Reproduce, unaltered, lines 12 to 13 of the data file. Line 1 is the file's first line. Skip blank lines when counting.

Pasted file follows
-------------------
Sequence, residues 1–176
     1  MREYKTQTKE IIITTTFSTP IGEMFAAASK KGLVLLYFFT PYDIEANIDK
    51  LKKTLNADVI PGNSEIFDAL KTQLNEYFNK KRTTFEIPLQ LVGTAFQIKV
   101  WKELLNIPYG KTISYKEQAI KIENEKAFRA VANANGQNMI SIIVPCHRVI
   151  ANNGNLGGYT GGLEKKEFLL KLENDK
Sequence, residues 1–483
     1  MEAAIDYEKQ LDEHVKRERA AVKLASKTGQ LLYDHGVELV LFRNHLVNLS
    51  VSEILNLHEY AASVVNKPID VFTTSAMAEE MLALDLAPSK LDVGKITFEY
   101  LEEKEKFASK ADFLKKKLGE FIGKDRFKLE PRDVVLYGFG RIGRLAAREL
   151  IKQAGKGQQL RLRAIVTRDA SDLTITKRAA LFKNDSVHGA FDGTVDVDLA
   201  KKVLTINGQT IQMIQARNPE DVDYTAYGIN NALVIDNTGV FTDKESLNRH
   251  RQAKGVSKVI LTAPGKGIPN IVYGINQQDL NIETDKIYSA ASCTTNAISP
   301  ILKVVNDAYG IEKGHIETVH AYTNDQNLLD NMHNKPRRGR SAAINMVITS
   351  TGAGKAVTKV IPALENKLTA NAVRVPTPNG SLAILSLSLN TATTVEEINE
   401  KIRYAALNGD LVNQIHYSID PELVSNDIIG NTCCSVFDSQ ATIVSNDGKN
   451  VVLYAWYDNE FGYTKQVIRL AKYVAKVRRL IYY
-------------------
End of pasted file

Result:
   251  RQAKGVSKVI LTAPGKGIPN IVYGINQQDL NIETDKIYSA ASCTTNAISP
   301  ILKVVNDAYG IEKGHIETVH AYTNDQNLLD NMHNKPRRGR SAAINMVITS